How does part one of The Stranger exemplify the absurd?

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mstultz72 | High School Teacher | (Level 1) Educator Emeritus

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Part I of The Stranger presents the first of three deaths: Meurault's mother's.  Meursault has no connection or role in her death, unlike the death of the Arab in Part II and his own execution in Part III.  Therefore, death is seen by Meursault in an external, detached, and absurd way.  As critic Alan Gullette says:

Death marks all things equal, and equally absurd.  And death itself is absurd in the sense that reason or the rational mind cannot deal with it:  it is a foregone conclusion, yet it remains an unrealized possibility until some indeterminate future time.  The "meaning" of death is not rational but, again, is existential – its implications are to be found not in abstraction but in the actuality of one's life, the finality of each moment.

Remember, Meursault is an anti-hero in his society: few people like him, even in Part I.  The old people and the caretaker judge him for falling asleep during the vigil and for not viewing his mother's body.  They believe that every son should mourn, cry, stay awake, not smoke, and generally go out of one's way to show respect for death, even to the point of nearly dying in the process (as Perez does).  This is not Merusault, who sees death as absurd.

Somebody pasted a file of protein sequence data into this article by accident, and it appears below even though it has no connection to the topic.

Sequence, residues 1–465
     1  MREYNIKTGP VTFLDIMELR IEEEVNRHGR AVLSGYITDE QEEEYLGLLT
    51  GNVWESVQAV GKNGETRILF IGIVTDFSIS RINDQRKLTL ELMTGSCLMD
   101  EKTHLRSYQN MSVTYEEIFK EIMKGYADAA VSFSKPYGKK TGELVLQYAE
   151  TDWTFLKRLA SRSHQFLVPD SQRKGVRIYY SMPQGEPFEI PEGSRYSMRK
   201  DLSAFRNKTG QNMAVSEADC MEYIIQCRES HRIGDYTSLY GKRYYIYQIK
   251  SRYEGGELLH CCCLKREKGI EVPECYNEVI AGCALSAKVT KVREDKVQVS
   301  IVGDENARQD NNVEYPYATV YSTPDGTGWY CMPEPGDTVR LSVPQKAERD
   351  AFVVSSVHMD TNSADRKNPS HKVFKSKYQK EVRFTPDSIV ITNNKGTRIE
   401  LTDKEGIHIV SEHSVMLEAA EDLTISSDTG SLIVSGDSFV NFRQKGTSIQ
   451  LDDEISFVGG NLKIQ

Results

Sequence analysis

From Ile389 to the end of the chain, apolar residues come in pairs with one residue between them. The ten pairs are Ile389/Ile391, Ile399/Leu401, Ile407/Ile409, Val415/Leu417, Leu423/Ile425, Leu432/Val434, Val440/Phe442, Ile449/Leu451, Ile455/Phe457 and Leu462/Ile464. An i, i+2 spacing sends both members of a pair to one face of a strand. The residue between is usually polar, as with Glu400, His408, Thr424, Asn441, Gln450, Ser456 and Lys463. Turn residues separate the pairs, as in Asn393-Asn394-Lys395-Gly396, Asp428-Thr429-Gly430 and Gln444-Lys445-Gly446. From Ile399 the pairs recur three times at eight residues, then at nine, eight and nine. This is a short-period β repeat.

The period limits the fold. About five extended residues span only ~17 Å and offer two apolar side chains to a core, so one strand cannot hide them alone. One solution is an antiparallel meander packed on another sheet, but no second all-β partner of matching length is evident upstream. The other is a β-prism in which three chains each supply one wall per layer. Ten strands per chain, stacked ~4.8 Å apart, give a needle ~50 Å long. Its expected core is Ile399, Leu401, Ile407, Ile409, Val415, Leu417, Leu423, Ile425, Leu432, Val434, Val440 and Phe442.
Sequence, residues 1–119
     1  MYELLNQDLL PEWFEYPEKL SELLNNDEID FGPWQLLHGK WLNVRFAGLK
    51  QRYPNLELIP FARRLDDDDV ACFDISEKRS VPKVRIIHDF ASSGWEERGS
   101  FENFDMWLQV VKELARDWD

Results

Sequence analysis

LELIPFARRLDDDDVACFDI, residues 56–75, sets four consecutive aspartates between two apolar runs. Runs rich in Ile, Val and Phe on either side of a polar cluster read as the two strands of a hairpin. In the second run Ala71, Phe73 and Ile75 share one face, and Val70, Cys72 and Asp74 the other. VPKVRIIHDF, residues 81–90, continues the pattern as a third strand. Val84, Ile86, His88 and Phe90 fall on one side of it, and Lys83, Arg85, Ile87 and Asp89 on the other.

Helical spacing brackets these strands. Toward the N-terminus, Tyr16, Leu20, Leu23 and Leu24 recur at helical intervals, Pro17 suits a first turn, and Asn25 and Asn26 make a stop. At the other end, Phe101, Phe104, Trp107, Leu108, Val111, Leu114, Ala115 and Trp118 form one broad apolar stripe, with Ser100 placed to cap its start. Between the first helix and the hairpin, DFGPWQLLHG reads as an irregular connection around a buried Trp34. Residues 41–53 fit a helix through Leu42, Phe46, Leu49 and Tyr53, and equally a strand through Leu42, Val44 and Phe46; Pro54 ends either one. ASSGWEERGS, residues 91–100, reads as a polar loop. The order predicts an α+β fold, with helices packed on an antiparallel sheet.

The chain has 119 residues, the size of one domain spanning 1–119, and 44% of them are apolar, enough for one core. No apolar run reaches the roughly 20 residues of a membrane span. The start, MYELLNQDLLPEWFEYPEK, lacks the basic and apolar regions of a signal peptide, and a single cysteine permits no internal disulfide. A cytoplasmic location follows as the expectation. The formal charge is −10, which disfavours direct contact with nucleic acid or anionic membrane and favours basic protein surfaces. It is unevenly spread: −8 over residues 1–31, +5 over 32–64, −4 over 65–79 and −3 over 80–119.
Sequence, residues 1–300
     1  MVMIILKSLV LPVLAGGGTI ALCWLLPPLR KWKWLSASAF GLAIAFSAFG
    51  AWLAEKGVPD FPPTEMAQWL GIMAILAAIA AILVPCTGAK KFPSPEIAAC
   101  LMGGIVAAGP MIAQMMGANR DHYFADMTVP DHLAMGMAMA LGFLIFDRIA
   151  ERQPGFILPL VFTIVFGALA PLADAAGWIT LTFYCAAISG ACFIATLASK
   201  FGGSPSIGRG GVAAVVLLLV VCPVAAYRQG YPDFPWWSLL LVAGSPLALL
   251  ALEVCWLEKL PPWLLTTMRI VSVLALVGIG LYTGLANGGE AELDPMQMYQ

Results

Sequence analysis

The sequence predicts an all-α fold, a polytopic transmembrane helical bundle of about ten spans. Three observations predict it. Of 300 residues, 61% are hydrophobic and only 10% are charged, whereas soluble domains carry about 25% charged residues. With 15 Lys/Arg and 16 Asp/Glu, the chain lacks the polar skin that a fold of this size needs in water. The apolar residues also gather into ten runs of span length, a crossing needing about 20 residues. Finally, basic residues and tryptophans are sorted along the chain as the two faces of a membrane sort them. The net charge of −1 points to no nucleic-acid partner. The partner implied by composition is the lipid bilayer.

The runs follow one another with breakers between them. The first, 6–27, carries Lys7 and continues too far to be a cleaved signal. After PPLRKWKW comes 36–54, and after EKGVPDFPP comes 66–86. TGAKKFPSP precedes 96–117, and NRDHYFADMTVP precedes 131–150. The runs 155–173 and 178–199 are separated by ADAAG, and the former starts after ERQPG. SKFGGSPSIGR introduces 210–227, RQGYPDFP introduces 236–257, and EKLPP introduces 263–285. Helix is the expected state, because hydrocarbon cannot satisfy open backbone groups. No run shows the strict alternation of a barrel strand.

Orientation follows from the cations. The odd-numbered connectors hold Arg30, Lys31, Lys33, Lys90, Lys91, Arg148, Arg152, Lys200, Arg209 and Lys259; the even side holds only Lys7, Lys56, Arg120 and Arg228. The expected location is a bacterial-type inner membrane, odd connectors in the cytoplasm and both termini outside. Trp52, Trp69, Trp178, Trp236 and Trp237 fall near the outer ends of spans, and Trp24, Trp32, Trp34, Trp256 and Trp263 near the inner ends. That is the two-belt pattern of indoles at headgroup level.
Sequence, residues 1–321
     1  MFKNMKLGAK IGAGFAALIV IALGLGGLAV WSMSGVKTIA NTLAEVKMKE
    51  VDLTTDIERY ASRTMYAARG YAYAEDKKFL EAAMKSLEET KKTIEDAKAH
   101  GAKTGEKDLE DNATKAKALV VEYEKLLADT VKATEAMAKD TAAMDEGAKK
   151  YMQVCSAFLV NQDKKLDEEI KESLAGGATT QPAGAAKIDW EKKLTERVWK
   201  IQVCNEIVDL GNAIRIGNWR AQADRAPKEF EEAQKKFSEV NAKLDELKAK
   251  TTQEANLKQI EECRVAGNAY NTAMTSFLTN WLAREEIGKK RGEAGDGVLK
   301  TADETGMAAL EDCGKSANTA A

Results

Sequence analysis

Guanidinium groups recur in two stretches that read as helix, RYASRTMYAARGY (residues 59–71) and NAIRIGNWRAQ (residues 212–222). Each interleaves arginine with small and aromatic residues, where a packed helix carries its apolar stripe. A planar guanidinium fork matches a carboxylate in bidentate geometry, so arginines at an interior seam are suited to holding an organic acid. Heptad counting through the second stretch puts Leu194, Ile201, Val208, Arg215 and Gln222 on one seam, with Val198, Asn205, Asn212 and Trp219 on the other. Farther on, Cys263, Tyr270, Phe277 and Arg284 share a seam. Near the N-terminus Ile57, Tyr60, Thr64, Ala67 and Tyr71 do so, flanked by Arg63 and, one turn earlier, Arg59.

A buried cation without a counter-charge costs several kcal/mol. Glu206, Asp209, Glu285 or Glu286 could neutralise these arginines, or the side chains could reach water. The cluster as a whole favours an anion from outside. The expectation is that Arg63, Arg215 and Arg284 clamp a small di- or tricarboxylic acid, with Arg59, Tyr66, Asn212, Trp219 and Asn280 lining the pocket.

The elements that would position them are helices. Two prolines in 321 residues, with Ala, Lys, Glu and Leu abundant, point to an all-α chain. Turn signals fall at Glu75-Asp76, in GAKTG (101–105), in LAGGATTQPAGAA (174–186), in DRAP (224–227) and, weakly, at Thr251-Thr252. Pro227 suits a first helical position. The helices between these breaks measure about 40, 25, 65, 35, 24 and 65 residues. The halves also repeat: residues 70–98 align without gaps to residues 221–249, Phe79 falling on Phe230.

Also remember, Meursault is Camus' absurd hero.  An absurd hero hates death, loves life, and scorns the gods (those who judge).  As such, Meursault hates the culture of death.  He does not mourn because death means nothing to him: he cannot conceive it.  And he will certainly not honor it by going out of his way to stay awake or nearly kill himself in the heat, as Perez does.  Why should one

For Meursault, an atheist we will find out later, does not conceive of God or an afterlife.  He refuses to see some supernatural connection; instead, he chooses to remember his mother alive and happy, and he wishes the same for himself.  He wants to return home to Algiers to spend the weekend with Marie, swimming.  For Meursault, life is a celebration of the moment, not a ritual of self-loathing.  As an absurd hero, he will not cry over his mother because, quite simply, she lived a good life.  Meursault scorns the gods (those who say a son must cry) because he lives in denial of death, the mark of an absurd hero.

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